Call Today 310-453-1234

Stroke As a Major Cause of Disability

According to a report from the World Health Organization [1], approximately 15 million people experience a stroke each year globally. And stroke is the third leading cause of death after heart disease and cancer, and a major cause of disability. With the aging of the American population and as obesity increases, more strokes are occurring: strokes occur in more than 795,000 U.S. citizens per year and result in 140,000 deaths with 77% of them first-time.[2] In this article, we will look at how surgery can cause strokes.

What Does the American Heart Association Say About Stroke?

The American Heart Association and the American Stroke Association have issued new guidelines aimed at reducing the incidence of stroke. Identifying lifestyle as having had the biggest impact on preventing stroke, the new guidelines urge not smoking, maintaining a healthy weight, exercising and eating a diet rich in fruits and vegetables, and maintaining healthy levels of cholesterol and blood pressure.

Does Anyone Even Think About the Whether Surgery Can Cause Strokes?

People often choose surgery without understanding the risks or potential long-term results of the surgery. When considering surgery, people may think about the recovery time, the cost incurred, and the loss of work hours. And they may even wonder if they really want an artificial joint or if they are up to dealing with the pain involved in the surgery. But does anyone think there may be a risk of stroke surrounding surgery?

Strokes are a risk factor that is discussed when people face heart surgery, because of the possibility of blood clots during the bypass and all of the manipulation of blood vessels. But what about during other surgeries that are lower risk surgeries? Evidence shows that strokes occur in those without heart conditions too. And they can happen to people who are not considered high risk and to those who had no symptoms before surgery.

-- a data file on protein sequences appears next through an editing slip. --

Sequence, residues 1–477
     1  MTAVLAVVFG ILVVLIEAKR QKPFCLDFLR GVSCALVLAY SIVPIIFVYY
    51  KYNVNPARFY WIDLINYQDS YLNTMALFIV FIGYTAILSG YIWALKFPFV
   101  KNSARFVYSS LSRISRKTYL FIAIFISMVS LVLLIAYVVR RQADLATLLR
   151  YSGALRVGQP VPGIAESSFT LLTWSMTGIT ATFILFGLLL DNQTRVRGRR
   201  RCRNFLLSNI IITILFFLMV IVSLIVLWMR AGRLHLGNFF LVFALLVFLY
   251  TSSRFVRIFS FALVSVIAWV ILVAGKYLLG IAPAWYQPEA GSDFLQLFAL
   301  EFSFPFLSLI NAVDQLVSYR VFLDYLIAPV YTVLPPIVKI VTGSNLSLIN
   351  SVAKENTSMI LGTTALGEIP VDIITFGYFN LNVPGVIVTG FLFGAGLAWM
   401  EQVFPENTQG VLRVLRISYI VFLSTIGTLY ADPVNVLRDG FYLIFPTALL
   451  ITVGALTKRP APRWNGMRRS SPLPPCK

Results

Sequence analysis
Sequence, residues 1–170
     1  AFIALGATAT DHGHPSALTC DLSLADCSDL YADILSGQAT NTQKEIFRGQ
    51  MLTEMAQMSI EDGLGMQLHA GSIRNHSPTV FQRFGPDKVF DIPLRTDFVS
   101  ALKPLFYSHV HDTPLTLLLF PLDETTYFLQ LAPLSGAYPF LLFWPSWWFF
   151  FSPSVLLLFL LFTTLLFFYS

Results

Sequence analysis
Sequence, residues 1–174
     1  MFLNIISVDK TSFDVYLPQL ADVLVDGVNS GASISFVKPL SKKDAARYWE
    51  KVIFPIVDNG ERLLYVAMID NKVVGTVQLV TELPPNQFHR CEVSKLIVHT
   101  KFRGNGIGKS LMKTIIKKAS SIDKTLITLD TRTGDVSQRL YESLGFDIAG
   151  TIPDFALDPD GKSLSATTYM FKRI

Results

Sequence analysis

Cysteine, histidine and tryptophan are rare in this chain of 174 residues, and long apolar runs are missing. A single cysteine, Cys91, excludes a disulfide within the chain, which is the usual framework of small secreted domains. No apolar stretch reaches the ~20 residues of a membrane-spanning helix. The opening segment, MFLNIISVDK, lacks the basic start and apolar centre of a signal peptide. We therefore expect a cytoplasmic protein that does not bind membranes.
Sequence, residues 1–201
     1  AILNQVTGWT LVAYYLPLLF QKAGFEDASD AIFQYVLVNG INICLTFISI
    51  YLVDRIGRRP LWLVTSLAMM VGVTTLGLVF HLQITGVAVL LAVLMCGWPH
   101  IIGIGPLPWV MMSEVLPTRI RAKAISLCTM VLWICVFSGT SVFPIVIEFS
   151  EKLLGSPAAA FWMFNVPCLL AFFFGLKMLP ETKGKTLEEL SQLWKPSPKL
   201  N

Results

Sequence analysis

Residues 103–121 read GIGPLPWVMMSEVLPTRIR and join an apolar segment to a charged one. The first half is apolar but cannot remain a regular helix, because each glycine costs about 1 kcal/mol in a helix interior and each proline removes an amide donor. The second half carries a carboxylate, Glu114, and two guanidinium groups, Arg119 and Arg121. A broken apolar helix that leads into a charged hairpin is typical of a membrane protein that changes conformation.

What Does the Research About Surgery and Strokes?

Let’s take a look at the findings from several research studies that investigate the peri-operative stroke risk. Why? Because we want people to be educated. And they want to fully explore their options before choosing an elective surgery. Peri-operative stroke refers to a stroke that occurs during surgery or within 30 days after surgery. 

An article in the journal, “Lancet” [3] investigated the occurrence of strokes in people who did not have stroke symptoms before the surgery. They also looked into the rate of cognitive decline after surgery. The study included 12 academic centers and 1114 people over a three year period.

What were the results? The researchers found that 78 people, or 7%, had a stroke. What about cognitive decline? A third of those who did not have a stroke was shown to have cognitive decline. So, what does all that mean? There is a risk of stroke and problems with deteriorating brain function in 1 out of 14 people who have elective surgery, even if they were not high risk, to begin with. 

So, the research does say that surgery can cause strokes.

What Type of Surgery is High Risk?

Stroke really is a possible complication in surgeries that don’t involve the heart or neurological system. The risk increases in people over 65. Plus, the risk of death is higher for those who have a peri-operative stroke. In the journal, “Anesthesiology,”[4] the researchers investigated specific things that increased the risk of stroke from surgery in the non-cardiac and non-neurological cases. They looked at all different types of surgeries, including hip replacements, biopsies, hernia repair, arthroscopies, and knee repairs.